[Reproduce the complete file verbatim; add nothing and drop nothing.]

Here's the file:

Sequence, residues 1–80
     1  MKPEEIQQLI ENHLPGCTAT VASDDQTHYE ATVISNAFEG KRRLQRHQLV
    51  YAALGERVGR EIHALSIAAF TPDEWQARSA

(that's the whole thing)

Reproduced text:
Sequence, residues 1–80
     1  MKPEEIQQLI ENHLPGCTAT VASDDQTHYE ATVISNAFEG KRRLQRHQLV
    51  YAALGERVGR EIHALSIAAF TPDEWQARSA